Lastly, digital platforms — such as Facebook or Instagram — have proven pivotal in the way companies do business. One national business survey found that the use of digital platforms by enterprises is ubiquitous:
- 84% of small enterprises are using at least one major digital platform to provide information to customers;
- 80% are using at least one major platform to show products and services, as well as to advertise;
- 79% are using digital tools to communicate with customers and suppliers; and
- 75% are using tech platforms for sales.
Naturally, big enterprises are adopting digital marketing at similar, if not higher rates. Some big brands are even going further, implementing blockchain technology into their operations.
One of the newest technologies on the market today is blockchain. While blockchain technology has been on the rise for more than a decade, businesses of all sizes are starting to pay more attention.
Blockchain technology, in its most basic form, serves as a distributed digital ledger. With each ledger serving as a permanent record of sorts, some businesses have embraced this as a way to show how products are sourced. Customers can trust that where the product comes from is authentic because blockchain technology tracks the goods.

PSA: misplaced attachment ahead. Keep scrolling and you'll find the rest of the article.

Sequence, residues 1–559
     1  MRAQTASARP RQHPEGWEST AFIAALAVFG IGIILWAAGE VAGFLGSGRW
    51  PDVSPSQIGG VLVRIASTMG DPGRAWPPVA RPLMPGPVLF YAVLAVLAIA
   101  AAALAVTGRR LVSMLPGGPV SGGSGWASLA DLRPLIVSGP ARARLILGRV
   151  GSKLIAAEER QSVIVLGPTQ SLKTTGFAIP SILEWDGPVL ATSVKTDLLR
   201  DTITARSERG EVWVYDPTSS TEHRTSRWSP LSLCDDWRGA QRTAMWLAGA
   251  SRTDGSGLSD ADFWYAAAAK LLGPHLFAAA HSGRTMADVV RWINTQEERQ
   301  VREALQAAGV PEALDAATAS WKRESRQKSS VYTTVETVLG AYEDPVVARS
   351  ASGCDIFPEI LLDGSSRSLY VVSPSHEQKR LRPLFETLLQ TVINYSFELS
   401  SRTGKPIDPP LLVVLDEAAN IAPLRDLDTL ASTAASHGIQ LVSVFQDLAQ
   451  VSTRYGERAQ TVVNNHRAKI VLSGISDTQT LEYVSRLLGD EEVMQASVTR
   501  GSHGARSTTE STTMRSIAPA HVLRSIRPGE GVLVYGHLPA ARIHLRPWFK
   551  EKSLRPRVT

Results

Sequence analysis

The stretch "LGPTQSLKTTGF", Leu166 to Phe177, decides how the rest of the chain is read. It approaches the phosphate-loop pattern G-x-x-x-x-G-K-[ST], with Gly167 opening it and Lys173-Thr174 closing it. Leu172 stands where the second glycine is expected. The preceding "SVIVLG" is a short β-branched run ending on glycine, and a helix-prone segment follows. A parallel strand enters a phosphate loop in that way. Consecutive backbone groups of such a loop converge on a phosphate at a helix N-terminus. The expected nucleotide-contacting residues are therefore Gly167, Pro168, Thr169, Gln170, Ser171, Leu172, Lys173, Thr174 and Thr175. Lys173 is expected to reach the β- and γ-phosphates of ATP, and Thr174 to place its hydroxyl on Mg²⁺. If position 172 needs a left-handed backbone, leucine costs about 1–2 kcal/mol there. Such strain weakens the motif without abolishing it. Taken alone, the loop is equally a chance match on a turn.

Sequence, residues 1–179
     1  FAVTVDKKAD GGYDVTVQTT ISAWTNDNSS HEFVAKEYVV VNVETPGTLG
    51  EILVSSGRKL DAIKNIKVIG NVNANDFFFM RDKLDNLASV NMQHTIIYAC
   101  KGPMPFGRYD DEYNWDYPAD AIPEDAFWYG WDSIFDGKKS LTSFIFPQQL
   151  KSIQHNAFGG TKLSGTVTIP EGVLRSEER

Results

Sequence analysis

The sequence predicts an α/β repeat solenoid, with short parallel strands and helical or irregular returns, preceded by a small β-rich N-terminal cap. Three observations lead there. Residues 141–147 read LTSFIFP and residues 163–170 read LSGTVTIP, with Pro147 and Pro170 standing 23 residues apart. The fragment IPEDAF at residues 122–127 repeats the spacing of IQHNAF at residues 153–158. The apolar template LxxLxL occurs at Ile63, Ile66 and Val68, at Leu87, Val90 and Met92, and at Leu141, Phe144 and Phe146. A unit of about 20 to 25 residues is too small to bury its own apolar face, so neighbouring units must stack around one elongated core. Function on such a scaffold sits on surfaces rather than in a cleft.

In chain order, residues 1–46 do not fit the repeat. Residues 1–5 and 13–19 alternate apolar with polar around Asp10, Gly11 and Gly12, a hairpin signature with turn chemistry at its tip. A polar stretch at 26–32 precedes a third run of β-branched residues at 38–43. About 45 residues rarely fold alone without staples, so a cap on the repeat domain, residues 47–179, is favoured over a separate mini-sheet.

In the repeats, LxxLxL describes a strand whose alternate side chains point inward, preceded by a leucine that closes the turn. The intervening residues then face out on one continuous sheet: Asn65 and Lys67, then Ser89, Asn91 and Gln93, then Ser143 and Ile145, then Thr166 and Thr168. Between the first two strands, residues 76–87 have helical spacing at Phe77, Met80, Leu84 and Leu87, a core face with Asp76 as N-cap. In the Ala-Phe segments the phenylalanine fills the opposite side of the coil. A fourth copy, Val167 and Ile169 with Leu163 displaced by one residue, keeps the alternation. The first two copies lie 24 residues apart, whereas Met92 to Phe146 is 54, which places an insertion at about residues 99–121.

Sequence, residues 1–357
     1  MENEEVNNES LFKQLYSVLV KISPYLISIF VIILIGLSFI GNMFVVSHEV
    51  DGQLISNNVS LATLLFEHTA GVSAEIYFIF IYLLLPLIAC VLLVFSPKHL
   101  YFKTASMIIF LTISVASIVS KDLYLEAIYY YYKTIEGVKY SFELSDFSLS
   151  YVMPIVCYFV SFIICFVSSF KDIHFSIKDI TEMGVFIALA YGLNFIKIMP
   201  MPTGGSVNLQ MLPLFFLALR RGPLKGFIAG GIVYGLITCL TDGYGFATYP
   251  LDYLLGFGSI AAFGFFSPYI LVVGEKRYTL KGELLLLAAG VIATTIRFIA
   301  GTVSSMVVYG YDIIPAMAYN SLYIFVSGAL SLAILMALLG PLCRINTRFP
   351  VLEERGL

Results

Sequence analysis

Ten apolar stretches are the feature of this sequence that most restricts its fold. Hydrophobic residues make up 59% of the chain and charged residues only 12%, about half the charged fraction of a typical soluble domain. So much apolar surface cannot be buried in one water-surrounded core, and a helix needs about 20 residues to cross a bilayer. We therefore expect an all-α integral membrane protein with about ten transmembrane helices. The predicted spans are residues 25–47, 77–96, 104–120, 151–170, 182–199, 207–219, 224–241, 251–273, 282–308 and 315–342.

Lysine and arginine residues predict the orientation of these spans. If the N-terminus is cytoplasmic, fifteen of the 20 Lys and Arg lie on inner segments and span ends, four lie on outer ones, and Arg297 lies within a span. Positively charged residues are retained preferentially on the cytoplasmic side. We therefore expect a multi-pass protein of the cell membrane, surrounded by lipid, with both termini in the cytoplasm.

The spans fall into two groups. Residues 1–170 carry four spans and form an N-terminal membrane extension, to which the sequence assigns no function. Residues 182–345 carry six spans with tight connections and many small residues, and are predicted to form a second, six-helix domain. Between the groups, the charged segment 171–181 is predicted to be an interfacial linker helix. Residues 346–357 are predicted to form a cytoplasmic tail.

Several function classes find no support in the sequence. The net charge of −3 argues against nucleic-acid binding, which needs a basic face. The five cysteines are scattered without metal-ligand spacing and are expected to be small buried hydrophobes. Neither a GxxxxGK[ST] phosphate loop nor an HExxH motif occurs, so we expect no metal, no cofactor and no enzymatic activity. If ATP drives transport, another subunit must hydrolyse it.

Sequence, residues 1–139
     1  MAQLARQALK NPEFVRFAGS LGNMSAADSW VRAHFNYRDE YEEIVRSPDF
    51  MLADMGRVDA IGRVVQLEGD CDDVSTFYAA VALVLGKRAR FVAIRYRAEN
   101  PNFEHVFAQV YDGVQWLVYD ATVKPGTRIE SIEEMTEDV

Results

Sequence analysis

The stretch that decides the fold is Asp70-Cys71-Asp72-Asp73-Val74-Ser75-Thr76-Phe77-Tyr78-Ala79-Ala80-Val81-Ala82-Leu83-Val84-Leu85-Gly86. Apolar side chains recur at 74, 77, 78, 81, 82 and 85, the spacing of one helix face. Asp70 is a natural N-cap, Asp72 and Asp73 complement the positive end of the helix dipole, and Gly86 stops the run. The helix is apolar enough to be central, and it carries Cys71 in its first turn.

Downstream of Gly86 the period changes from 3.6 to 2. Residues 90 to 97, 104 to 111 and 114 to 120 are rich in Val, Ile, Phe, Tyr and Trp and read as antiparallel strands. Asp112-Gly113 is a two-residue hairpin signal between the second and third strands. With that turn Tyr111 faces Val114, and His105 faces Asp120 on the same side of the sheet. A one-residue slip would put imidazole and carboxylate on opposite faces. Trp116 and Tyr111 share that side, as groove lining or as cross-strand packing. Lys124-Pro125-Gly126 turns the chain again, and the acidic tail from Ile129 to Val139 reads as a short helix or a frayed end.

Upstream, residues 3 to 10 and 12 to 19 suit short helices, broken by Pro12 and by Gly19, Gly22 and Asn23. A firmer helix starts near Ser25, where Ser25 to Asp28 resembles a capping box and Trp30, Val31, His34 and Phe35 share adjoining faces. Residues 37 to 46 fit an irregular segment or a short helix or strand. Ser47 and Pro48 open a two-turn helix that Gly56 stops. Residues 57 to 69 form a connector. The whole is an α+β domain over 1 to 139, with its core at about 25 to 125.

Blockchain, of course, also hosts cryptocurrencies. Large companies such as AT&T, Microsoft, Overstock, and Tesla have all begun to accept Bitcoin and other digital currencies as payment.
Technology changes rapidly, and the pandemic has already brought new innovations. Many in the tech community are already using big data analytics, machine learning, and artificial intelligence (AI) to help mitigate the impacts of the pandemic. For example, AI is already enabling remote delivery of goods and helping companies with contract tracing as employees return to the office, in addition to various other applications. Some of the technologies businesses used to adapt and pivot to remote work and e-commerce will continue to stay relevant long after the recovery period is over.